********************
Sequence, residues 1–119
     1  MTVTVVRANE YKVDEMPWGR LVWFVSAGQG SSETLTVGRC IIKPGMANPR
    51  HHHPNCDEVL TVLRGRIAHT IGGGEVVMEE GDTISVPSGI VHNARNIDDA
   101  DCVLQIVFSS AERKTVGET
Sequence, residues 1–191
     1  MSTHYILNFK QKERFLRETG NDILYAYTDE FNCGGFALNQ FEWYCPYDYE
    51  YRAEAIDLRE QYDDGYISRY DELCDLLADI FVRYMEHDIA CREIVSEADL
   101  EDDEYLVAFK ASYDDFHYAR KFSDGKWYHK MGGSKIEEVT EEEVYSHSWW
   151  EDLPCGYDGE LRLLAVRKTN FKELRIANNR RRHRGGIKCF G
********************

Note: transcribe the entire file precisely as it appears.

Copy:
Sequence, residues 1–119
     1  MTVTVVRANE YKVDEMPWGR LVWFVSAGQG SSETLTVGRC IIKPGMANPR
    51  HHHPNCDEVL TVLRGRIAHT IGGGEVVMEE GDTISVPSGI VHNARNIDDA
   101  DCVLQIVFSS AERKTVGET
Sequence, residues 1–191
     1  MSTHYILNFK QKERFLRETG NDILYAYTDE FNCGGFALNQ FEWYCPYDYE
    51  YRAEAIDLRE QYDDGYISRY DELCDLLADI FVRYMEHDIA CREIVSEADL
   101  EDDEYLVAFK ASYDDFHYAR KFSDGKWYHK MGGSKIEEVT EEEVYSHSWW
   151  EDLPCGYDGE LRLLAVRKTN FKELRIANNR RRHRGGIKCF G